- The Washington Times - Wednesday, February 12, 2003

VIENNA, Feb. 12 (UPI) — The International Atomic Energy Agency board of governors Wednesday declared North Korea in "non-compliance with its obligations" under the Safeguards Agreement of the Non-Proliferation Treaty and referred the matter to the U.N. Security Council for possible action.

Mohammed ElBaradei, director general of the IAEA, said North Korea brought the action on itself because, of the outstanding issues, "none of the other issues could be addressed by way of blackmail. The first step has to be a compliance with nonproliferation obligations and then all the other solutions will follow."

What action might be taken was not immediately known, although sanctions have been widely mentioned. What type was another problem considering the Stalinist state's dire economic strait.

At U.N. headquarters in New York, Ambassador Gunter Pleuger of Germany, this month's president of the council, said he had not received the official notification, but as soon as he did he would consult with members of the panel to decide when to take the issue up.

Ambassador Richard Williamson, U.S. alternate representative for special political affairs at the United Nations, said of the IAEA board's decision, "The United States first feels that this should be dealt with diplomatically and we're confident we can deal with this issue diplomatically and we are pleased that the IAEA board of governors referred it to (the council in) New York and we'll be taking it up as soon as we can but we have a few other issues right now."

He added, "China was among those who voted for the resolution."

Since there were only two abstentions, Russia and China, among the 35 board members, "it was a broadly felt position and we'll be looking forward to dealing with it and talking about it here," Williamson told reporters outside the council's chambers at U.N. world headquarters in New York.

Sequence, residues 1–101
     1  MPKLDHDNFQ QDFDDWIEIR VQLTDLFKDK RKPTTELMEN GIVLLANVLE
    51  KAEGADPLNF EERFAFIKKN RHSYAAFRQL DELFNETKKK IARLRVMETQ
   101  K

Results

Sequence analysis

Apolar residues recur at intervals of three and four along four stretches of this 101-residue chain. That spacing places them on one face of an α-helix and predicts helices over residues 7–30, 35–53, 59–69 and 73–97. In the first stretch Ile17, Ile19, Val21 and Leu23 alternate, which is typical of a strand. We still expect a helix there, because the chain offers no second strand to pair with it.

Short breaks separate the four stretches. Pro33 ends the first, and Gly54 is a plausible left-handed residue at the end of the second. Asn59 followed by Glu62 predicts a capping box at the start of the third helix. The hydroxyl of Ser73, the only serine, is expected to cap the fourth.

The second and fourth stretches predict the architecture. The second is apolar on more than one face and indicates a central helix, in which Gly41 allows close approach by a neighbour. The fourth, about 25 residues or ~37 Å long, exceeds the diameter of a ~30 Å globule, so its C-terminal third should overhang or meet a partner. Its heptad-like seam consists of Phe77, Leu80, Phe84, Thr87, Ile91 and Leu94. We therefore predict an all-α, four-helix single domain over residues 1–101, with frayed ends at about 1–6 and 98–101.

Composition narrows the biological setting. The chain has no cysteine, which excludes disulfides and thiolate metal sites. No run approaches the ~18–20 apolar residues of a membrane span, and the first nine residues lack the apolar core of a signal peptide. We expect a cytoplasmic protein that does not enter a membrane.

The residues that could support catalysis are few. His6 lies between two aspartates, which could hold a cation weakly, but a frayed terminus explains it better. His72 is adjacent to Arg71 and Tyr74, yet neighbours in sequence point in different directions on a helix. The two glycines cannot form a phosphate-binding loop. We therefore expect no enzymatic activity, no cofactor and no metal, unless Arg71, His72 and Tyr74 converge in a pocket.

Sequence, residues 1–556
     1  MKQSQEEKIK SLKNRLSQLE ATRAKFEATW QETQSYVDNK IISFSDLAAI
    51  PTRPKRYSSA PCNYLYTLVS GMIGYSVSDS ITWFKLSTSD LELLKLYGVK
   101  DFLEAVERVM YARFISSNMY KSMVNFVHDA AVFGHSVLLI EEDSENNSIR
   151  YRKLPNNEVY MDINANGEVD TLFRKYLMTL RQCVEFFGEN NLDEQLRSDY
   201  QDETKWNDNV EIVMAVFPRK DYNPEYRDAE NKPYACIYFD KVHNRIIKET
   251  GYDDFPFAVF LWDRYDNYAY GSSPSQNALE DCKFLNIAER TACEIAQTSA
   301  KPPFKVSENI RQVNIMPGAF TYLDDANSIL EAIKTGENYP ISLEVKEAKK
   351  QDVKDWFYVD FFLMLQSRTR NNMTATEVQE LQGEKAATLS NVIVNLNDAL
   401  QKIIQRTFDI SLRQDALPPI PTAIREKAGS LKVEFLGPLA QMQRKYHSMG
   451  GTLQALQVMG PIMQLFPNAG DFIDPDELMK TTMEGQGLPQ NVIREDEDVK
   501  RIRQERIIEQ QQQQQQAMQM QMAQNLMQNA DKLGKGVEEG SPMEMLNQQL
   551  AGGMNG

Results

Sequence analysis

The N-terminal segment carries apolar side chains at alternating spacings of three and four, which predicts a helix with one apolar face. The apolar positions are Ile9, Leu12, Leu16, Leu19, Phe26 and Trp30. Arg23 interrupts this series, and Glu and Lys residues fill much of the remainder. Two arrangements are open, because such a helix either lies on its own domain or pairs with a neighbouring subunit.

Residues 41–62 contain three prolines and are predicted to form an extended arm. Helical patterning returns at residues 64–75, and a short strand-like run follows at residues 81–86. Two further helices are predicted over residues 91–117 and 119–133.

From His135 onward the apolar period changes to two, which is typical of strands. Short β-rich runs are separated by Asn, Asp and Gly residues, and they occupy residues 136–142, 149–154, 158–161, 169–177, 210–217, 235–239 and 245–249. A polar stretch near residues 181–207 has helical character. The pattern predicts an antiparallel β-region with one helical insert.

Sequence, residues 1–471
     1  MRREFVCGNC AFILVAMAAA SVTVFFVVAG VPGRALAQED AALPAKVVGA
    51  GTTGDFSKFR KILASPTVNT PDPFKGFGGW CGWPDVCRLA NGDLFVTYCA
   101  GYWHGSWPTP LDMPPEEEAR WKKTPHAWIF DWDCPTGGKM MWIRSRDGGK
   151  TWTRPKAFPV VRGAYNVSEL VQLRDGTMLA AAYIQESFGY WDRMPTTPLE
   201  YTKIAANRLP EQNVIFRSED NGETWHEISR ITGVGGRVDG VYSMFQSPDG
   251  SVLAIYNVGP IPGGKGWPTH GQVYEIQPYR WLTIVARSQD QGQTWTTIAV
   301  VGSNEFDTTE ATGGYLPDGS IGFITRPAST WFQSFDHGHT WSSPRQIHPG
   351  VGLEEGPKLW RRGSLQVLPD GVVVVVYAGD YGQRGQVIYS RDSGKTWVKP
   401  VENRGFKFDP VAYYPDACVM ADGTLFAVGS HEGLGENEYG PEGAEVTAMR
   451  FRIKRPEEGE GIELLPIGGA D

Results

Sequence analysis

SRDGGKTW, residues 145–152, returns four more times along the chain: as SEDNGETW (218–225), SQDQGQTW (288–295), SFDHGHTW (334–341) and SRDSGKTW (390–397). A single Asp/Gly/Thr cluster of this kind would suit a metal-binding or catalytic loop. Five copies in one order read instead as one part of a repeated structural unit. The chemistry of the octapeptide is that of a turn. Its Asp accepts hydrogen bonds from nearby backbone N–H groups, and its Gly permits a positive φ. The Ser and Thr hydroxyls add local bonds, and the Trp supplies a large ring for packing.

Asked if there were still efforts to talk with Pyongyang, he said, "We have been and continue to talk to people throughout the region."

He added, "We're not going to make any comments yet on what we are going to do in New York but we are glad it's coming here."

The Vienna action was not unexpected.

North Korea, "has been in chronic non compliance with its safeguard obligations since 1993 when it barred the agency access when we believed what was plutonium that was produced in the Democratic Peoples Republic of Korea and not declared to us, and since 1994 with the conclusion of the agreed framework between the USA and North Korea," ElBaradei told reporters in Vienna, after the board's decision, explaining that North Korea "sought shelter" behind the agreement "to delay and circumvent its compliance with its safeguard agreement.

"The situation, however, was aggravated during Christmas-time during a request for reports of undeclared enrichment program, (when North Korea was) cutting all seals and disabling the inspectors cameras and then order our inspectors to leave," said ElBaradei. That was in no way in compliance with their safeguard obligations."